He drew nearer and nearer the table. “Who'll bet on the queen of hearts ? the queen of hearts !” cried Nap, in a lazy, half drawling voice. Tennie looked at the cards. He saw the queen's face looking out from underneath, as if Nap was unconscious. He looked at the back; there was on it a tiny black spot. Tennie opened his eyes wider. A better came by: “The queen of hearts,” drawled Nap A voice from behind whispered, "The black spot." The better put his money down on that card, turned it up, it was the queen of hearts; the man won and went whistling away. Tennie nervously clutched his purse, drew it from his pocket, put it down on the black spot, snatched it away. “The queen of hearts! Who bets on the queen of hearts ?” again drawled Nap. He turned the cards up. There was the queen of hearts; she looked so tantalising to Tennie. Nap shuffled the three cards, separated them, picked them up in his hands, and carelessly turned to speak to some one behind him. In doing so the face of the queen of hearts flashed before Tennie's eyes; it was but for an instant. The card went down on the table - it had a black spot on it. Tennie's purse went down as quick as a flash, his trembling hands were withdrawn, a smile spread over his face, and his nostrils dilated and contracted with his quick, excited breathing. Nap looked at him a moment, slowly lifted the purse, and said,
“ Turn the card, Tennie.” He did so. A change flashed over his expectant face, he grew deadly pale, great drops of
perspiration stood on his cheeks, he looked as one seized with deadly sickness the card was the ten of spades. Nap slowly rose. Tennie's eyes followed him until he left the tent, when he burst out in an uncontrollable fit of crying, and was led away. A bystander, after he left, turned over the other cards: one was the ace of clubs, the other the five of clubs; the queen of hearts was not there. A card dropped from Nap's sleeve as he left the tent, and some one picked it up: it was the queen of hearts. Years after, a visitor to the Insane Asylum at Stockton saw a lean, spectral form of a man who sat in the utmost dejection always, and when aroused by a question from the physician, began to lament his “woful loss.” It was the once portly Tennie.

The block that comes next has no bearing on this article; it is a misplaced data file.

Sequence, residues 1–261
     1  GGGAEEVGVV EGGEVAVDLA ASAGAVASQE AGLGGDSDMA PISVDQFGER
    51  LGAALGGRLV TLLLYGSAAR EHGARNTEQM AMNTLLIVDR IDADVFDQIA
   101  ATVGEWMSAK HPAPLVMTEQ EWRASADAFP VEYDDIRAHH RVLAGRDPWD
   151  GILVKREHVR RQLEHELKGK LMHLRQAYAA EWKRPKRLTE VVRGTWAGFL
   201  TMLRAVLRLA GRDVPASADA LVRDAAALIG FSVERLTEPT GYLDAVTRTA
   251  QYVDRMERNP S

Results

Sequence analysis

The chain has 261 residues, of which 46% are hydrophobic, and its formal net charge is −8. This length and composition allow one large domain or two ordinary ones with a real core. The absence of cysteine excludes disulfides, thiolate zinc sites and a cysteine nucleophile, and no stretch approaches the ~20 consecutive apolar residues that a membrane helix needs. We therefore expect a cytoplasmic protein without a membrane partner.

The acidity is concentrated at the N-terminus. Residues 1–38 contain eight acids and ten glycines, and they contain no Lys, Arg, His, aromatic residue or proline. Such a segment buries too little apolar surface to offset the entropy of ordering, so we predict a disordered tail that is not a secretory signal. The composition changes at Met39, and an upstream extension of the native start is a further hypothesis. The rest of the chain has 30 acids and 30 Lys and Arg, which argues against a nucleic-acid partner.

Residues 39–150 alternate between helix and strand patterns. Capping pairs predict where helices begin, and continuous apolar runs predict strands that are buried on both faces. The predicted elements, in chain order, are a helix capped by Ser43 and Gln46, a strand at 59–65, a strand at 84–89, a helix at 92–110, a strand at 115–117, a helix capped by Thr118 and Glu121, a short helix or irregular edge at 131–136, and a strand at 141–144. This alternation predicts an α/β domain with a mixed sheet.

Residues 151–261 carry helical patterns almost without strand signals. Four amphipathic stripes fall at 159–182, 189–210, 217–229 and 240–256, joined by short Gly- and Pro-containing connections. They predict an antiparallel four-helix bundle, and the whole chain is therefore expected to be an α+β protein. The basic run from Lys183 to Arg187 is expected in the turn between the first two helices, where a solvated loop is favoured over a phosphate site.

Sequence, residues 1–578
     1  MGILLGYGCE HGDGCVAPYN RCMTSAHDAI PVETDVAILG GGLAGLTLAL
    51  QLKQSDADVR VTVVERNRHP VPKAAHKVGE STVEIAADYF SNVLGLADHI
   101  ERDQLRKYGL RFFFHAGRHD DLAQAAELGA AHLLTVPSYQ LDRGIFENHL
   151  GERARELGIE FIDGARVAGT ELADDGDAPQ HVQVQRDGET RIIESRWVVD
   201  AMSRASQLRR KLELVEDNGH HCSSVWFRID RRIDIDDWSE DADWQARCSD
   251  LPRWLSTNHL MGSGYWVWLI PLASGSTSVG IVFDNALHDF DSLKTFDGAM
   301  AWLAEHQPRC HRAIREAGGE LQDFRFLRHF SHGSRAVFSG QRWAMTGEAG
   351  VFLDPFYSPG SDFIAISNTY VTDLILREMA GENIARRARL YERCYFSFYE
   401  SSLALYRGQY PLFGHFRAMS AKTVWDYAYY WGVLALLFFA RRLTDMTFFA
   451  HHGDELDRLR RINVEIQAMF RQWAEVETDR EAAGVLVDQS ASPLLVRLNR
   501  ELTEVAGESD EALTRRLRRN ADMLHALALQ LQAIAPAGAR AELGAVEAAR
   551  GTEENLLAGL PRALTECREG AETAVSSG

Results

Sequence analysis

But this was but one of the scenes enacted while Devine was trying to break one of the banks. Earlier in the evening a number of miners from Oregon Gulch had strayed into the room ; all of them were young men. Their 'every movement showed breeding and culture, and the irresolute, timid manner of some of them made it evident that this was their first visit to such scenes. One of them especially, Herbert Woodland, or Herb, as he was better known to his associates, attracted a momentary attention. He was not more than twenty.one years of age, but a type of manly beauty. His height was about five feet eleven inches, well-proportioned, a large head with thick, glossy brown hair, slightly curling. His eyes were of so deep a blue that it was almost impossible at times to tell their color. His cheeks, ruddy with the glow of health and innocence, deepened their hue as he first entered. The painted and zened women behind the tables, the glare of light, the noisy crowd, the excited gamblers, all were new to him. He showed that he felt he was treading on forbidden ground; but as he entered the band had commenced, and the music was charming: he yielded himself to its sway, and was soon lost in following its beautiful changes. Old familiar tunes followed each other and rivetted him to the spot. At length a low plaintive note from the cornet broke upon the ears of that crowd, and but few notes had been played when every voice was hushed, every step arrested, and every arm stayed. The bar was deserted, the tables left alone, the bankers ceased their call, and as the old but sweet, sweet melody of “Home, Sweet Home" rolled through the tent, tears rolled down the cheeks of many a stalwart man. It brought to Herb's memory that home from which he had not been parted long — only a few weeks. He saw parents, sisters, a loved one; the tears gathered in his eyes, he raised his hand to dash them away. As he did so he also raised his eyes, and they encountered those of one of the presiding nymphs at a banking-table. There was a look of deepest sympathy in her face, and her own eye seemed to glisten with the liquid light of memories of other days. He felt that she had watched his emotion, and though he shrank from the thought, he thought too that painted child of sin had sympathised with it. It was all over in an instant, but still the fancy that there was a link of feeling between them followed him, and often during the evening did that look haunt him.